Majority of California College Students Eligible for CalFresh Do Not Enroll: Report

A new report found that an estimated 235,000 eligible students did not take advantage of the food assistance program in fall 2019.
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Margaret Attridge is a news reporter for BestColleges focusing on higher education news stories in California. She graduated from the University of Maryland, College Park in May 2022 with a BA in journalism and government and politics....
Published on June 7, 2024
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CalFresh volunteers Patrick Dooley, Alex Skenderian, David Inouye, and Mike McGuinness pack bags of donated food to give to families at St. Margaret's Center in Inglewood, California. Image Credit: Allen J. Schaben / Contributor / Los Angeles Times / Getty Images

  • A new report found that a majority of eligible California college students do not receive CalFresh benefits.
  • Only 30% of eligible community college students, 22% of eligible UC undergraduates, and 29% of eligible UC graduate students were enrolled in CalFresh in fall 2019.
  • The report also found that housing status played a significant role in CalFresh eligibility.

A majority of students eligible for California's CalFresh food program, also known as the federal Supplemental Nutrition Assistance Program (SNAP), do not receive benefits, according to a new report released by the California Policy Lab.

CalFresh offers eligible college students up to $291 a month to use at grocery stores and farmers markets. However, students must go through an extended qualification process to ensure they meet a list of exemptions before receiving benefits.

The program also changed eligibility requirements for college students in June 2023, ending two exemptions that expanded CalFresh to college students eligible for work-study and to students whose families could not financially support their education.

The report found that in fall 2019, 16% of all California Community College (CCC) students (or 256,000 students) were likely eligible for CalFresh, compared to 31% of University of California (UC) undergraduate students (69,000 students) and 6% of UC graduate students (3,000 students).

However, most eligible students did not receive benefits, with only 30% of eligible community college students, 22% of eligible UC undergraduates, and 29% of eligible UC graduate students enrolling in CalFresh.

Depending on which system you're looking at, we found that only about 1 in 3 or 1 in 4 eligible students are receiving CalFresh benefits. That's a significant take-up gap, and our goal is that this research will help our partners and policymakers in their work to close that gap, Jesse Rothstein, co-author of the report, said in a press release.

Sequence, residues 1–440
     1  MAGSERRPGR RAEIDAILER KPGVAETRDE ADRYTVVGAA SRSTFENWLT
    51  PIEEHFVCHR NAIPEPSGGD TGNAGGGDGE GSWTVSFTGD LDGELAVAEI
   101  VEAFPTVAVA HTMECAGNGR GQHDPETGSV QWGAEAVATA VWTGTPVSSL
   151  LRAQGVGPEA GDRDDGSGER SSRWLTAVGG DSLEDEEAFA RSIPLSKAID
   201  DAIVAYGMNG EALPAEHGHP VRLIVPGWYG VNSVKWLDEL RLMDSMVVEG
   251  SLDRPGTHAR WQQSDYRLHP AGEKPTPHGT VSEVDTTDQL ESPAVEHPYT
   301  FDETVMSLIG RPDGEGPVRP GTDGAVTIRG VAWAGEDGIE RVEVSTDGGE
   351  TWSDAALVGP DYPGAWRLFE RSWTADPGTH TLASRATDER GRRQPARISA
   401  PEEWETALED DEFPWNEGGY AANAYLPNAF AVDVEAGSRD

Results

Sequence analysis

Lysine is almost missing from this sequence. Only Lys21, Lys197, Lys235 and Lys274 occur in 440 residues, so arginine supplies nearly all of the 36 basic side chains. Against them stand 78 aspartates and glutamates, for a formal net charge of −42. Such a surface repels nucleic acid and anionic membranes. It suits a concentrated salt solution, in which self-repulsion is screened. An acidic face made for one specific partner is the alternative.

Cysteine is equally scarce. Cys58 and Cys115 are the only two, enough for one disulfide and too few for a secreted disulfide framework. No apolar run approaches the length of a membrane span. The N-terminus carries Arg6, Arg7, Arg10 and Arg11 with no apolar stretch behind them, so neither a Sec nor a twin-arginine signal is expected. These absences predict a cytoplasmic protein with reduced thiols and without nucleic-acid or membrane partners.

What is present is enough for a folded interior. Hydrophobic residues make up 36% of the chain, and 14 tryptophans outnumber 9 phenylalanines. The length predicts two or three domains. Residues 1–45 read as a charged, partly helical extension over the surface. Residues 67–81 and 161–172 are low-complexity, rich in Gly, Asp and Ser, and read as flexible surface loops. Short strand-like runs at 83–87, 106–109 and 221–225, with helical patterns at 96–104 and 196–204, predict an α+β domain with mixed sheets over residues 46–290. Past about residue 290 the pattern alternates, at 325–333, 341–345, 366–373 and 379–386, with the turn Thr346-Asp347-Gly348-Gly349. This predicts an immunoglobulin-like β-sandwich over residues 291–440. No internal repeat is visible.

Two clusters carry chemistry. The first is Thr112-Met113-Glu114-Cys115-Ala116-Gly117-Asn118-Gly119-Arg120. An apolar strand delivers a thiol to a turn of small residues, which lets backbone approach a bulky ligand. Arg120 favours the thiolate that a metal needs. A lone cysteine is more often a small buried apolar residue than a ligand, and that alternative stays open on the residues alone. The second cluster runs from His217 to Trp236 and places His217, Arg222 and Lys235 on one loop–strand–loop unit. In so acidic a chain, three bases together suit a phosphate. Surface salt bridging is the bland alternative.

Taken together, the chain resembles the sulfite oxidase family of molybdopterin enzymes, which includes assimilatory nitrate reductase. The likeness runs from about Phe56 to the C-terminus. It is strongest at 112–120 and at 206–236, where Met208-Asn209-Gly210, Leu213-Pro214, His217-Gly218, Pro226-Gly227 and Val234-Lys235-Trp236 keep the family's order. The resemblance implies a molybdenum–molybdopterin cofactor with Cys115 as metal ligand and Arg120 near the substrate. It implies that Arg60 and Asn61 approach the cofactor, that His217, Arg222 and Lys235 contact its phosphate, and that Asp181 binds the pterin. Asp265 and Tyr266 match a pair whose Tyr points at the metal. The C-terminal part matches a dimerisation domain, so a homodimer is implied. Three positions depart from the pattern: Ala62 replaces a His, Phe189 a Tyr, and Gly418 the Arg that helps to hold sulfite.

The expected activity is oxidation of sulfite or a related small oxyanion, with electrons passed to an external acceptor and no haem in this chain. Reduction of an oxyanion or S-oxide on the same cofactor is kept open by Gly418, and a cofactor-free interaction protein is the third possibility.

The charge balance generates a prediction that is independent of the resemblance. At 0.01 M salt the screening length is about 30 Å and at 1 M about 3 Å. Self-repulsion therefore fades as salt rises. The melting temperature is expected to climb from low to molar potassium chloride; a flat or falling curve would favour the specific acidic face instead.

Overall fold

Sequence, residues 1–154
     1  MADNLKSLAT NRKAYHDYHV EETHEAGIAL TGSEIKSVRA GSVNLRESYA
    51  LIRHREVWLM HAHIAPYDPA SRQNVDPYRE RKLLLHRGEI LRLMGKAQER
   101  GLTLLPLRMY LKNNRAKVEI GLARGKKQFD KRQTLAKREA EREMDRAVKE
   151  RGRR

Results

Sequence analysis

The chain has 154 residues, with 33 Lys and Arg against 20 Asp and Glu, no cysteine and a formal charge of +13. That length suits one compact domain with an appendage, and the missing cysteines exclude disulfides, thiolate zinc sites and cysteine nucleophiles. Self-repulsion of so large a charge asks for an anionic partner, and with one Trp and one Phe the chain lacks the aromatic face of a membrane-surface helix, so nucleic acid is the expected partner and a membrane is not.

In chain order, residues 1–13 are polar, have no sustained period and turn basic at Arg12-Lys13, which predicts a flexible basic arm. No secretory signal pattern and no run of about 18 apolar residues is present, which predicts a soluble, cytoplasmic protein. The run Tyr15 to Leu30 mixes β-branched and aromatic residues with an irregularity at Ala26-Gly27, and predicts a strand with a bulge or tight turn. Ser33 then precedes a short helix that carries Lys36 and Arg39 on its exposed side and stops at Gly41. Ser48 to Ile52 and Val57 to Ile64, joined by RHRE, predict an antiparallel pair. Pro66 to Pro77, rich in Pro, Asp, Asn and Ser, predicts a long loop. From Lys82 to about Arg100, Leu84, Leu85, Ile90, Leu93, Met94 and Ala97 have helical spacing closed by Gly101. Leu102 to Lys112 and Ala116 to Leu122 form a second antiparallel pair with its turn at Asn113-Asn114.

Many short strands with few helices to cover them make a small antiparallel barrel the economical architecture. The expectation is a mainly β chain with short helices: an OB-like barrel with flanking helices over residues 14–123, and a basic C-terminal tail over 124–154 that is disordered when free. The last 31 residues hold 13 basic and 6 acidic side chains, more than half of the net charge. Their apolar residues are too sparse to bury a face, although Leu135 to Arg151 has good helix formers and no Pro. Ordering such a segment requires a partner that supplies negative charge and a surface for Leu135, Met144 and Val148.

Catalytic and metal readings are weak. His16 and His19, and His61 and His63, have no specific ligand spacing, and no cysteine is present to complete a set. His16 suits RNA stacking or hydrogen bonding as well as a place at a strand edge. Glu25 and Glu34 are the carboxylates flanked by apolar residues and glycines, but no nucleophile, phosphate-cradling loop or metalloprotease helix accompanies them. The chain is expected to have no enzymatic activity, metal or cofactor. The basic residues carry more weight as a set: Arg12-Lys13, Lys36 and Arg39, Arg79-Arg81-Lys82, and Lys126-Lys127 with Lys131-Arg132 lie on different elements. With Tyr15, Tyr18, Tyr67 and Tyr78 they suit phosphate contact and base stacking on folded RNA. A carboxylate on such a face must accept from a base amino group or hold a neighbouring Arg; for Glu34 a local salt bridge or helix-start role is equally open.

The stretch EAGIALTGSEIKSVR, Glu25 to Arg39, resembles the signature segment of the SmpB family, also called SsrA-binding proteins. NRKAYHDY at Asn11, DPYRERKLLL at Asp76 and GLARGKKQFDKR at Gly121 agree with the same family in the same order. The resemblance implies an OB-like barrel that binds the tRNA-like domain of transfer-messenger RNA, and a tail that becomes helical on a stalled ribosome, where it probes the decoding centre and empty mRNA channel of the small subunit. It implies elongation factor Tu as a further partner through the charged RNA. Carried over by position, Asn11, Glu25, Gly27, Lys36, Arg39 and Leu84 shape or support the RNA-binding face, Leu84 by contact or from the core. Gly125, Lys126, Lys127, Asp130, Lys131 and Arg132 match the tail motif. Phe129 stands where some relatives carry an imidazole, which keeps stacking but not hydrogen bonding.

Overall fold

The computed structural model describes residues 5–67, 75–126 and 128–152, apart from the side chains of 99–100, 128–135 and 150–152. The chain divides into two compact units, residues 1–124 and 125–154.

Four UC campuses reported higher participation rates for eligible students than the UC average of 22%:

  • Santa Barbara (37%)
  • Davis (30%)
  • Merced (27%)
  • Berkeley (24%)

Across the CCC system, campuses located in the Central Valley (38%), Northern California (35%), and the Inland Empire (31%) were above the system's average participation of 30%.

The report also showed that housing status is one of the main reasons why college students get accepted or denied from the CalFresh program. Eligibility is based on the total incomes of individuals who live together and prepare meals.

While a large portion of community college students live with their families, students enrolled at a UC campus are less likely to.

Another factor identified by the report was the different versions of Cal Grant — state-specific financial aid — given to community college and UC students. The version provided to UC students typically qualifies them for CalFresh eligibility. However, the version given to CCC students does not.

In 2012, participation rates for eligible community college students were around 35%, but in the following 10 years, that percentage fell below 30%. Conversely, participation by eligible UC undergraduates rose from 5% to around 30% during those 10 years, with the sharpest increase beginning in 2017.

The report attributes the significant growth at UC to various factors, including establishing the presence of basic needs centers on campuses between 2013 and 2015 and the allocation of at least one full-time equivalent staff member focused on CalFresh at each campus.

Everyone is impacted by California's high cost of living and inflation, including college students, Shawn Brick, associate vice provost for student financial support at the UC Office of the President, said in the release.

Seeing how many eligible students are benefiting from CalFresh on each UC campus, and how many are missing out, can inform our efforts to better connect students with this critical resource.